References

Barney, J. Y., Field, C. E., Morrison, K. L., & Twohig, M. P. (2017). Treatment of pediatric obsessive compulsive disorder utilizing parent-facilitated acceptance and commitment therapy. Psychology in the Schools, 54(1), 88-100.

Hayes, S. C., Strosahl, K. D., & Wilson, K. G. (2011). Acceptance and commitment therapy: The process and practice of mindful change. Guilford Press.

At the end of this session, as with any, you’ll be setting practices for them to do at home, and this just depends on what practice you did in session of what you’re going to have them do at the end or throughout the week or between your sessions. What I’ve done is I create handouts for clients to complete based on the practice that we did that day.

References

Barney, J. Y., Field, C. E., Morrison, K. L., & Twohig, M. P. (2017). Treatment of pediatric obsessive compulsive disorder utilizing parent-facilitated acceptance and commitment therapy. Psychology in the Schools, 54(1), 88-100.

Hayes, S. C., Strosahl, K. D., & Wilson, K. G. (2011). Acceptance and commitment therapy: The process and practice of mindful change. Guilford Press.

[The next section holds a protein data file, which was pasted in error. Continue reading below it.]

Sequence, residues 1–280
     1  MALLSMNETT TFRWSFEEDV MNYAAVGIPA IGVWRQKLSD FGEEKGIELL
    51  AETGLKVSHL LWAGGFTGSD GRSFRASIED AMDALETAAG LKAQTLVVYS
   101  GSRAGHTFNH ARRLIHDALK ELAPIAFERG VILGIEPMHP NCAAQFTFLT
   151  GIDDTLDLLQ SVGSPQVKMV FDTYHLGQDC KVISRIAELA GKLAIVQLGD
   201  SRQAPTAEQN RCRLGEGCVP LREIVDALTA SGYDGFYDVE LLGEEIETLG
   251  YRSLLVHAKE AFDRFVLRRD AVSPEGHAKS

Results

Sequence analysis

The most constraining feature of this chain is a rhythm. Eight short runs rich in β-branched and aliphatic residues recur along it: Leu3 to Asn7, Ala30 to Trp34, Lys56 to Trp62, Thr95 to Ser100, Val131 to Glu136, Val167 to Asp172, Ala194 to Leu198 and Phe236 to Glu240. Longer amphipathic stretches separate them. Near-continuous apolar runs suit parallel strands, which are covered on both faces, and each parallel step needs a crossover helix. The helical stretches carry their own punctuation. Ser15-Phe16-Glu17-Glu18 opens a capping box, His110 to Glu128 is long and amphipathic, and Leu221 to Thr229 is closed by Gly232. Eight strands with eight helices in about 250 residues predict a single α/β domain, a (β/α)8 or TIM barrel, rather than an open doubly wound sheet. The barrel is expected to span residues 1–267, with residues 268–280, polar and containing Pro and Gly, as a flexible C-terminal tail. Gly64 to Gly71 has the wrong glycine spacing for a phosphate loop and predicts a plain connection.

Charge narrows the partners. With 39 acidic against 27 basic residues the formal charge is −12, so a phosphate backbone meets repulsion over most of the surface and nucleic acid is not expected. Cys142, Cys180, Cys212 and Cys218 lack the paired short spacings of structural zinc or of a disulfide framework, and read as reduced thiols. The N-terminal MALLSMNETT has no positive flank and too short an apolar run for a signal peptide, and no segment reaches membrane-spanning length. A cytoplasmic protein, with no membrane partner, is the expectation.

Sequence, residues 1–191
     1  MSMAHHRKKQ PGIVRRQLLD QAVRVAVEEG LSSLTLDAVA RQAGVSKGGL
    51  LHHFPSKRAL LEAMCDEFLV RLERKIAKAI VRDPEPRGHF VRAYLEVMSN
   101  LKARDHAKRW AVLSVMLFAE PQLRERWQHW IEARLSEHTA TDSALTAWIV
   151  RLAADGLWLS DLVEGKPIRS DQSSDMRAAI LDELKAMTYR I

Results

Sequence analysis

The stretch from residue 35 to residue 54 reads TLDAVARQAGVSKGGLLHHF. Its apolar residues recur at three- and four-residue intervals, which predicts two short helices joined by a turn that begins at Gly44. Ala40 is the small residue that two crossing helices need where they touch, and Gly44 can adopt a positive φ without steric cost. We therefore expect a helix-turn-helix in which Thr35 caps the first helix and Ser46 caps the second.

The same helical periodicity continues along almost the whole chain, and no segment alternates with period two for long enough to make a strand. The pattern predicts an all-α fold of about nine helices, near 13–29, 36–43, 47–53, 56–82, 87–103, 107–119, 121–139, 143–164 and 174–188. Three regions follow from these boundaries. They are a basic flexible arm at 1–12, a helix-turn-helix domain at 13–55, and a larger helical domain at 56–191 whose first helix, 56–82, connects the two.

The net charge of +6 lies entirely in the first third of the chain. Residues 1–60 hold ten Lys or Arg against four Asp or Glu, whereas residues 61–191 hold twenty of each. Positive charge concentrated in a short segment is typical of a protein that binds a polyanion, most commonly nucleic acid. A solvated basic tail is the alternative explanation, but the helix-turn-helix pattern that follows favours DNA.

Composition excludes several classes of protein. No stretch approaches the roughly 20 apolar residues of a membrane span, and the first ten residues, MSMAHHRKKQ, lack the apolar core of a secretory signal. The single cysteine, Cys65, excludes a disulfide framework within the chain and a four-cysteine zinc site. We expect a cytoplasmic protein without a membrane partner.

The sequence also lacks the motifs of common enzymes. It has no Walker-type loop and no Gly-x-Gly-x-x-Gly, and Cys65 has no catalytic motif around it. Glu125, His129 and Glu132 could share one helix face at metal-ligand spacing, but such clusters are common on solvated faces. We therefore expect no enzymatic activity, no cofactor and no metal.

For example, the observer exercise, I have this handout where it says, what is the obsession?

Did you practice taking the observer stance? Just yes or no.

And what did you notice? This may be something like, “I noticed myself taking a step back from it. I noticed getting in touch with that constant part of me.”

And then asking how do you experience that obsession now. And if all goes as intended, they may say something like, “I just see it as being there.”

This is just a practice for them to attend to their experience when they take that observer stance and what they learned from that. And then as with any of our sessions, we’re going to be setting behavioral commitments as well in addition to their self-as-context practices.

References

Barney, J. Y., Field, C. E., Morrison, K. L., & Twohig, M. P. (2017). Treatment of pediatric obsessive compulsive disorder utilizing parent-facilitated acceptance and commitment therapy. Psychology in the Schools, 54(1), 88-100.

Hayes, S. C., Strosahl, K. D., & Wilson, K. G. (2011). Acceptance and commitment therapy: The process and practice of mindful change. Guilford Press.

Our key points here are that we walked through additional practices of self-as-context that include the observer self and holding an object.

At the end of session six, you’ll set home practice plans that include the self-as-context practices that are relevant based on what you covered in session and then finish the session with setting behavioral commitments similar to all the other sessions that we’ve covered.